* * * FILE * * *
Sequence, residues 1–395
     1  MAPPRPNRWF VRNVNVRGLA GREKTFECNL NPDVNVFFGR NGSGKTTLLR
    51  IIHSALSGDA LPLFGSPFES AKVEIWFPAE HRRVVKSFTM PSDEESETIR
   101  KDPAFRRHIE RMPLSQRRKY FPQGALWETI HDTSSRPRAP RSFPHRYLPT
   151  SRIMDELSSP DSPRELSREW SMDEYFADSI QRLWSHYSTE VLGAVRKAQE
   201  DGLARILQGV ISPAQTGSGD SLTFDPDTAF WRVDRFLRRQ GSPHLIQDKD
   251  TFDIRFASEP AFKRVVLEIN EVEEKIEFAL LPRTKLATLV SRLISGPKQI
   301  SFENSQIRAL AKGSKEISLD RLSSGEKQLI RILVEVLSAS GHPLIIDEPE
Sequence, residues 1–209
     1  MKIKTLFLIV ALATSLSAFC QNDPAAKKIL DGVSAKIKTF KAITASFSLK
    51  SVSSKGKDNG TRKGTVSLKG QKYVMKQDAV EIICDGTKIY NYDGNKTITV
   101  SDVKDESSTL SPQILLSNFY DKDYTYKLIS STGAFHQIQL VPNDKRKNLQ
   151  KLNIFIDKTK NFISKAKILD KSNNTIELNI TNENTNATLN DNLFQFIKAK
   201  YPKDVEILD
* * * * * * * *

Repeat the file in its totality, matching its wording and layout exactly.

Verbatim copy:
Sequence, residues 1–395
     1  MAPPRPNRWF VRNVNVRGLA GREKTFECNL NPDVNVFFGR NGSGKTTLLR
    51  IIHSALSGDA LPLFGSPFES AKVEIWFPAE HRRVVKSFTM PSDEESETIR
   101  KDPAFRRHIE RMPLSQRRKY FPQGALWETI HDTSSRPRAP RSFPHRYLPT
   151  SRIMDELSSP DSPRELSREW SMDEYFADSI QRLWSHYSTE VLGAVRKAQE
   201  DGLARILQGV ISPAQTGSGD SLTFDPDTAF WRVDRFLRRQ GSPHLIQDKD
   251  TFDIRFASEP AFKRVVLEIN EVEEKIEFAL LPRTKLATLV SRLISGPKQI
   301  SFENSQIRAL AKGSKEISLD RLSSGEKQLI RILVEVLSAS GHPLIIDEPE
Sequence, residues 1–209
     1  MKIKTLFLIV ALATSLSAFC QNDPAAKKIL DGVSAKIKTF KAITASFSLK
    51  SVSSKGKDNG TRKGTVSLKG QKYVMKQDAV EIICDGTKIY NYDGNKTITV
   101  SDVKDESSTL SPQILLSNFY DKDYTYKLIS STGAFHQIQL VPNDKRKNLQ
   151  KLNIFIDKTK NFISKAKILD KSNNTIELNI TNENTNATLN DNLFQFIKAK
   201  YPKDVEILD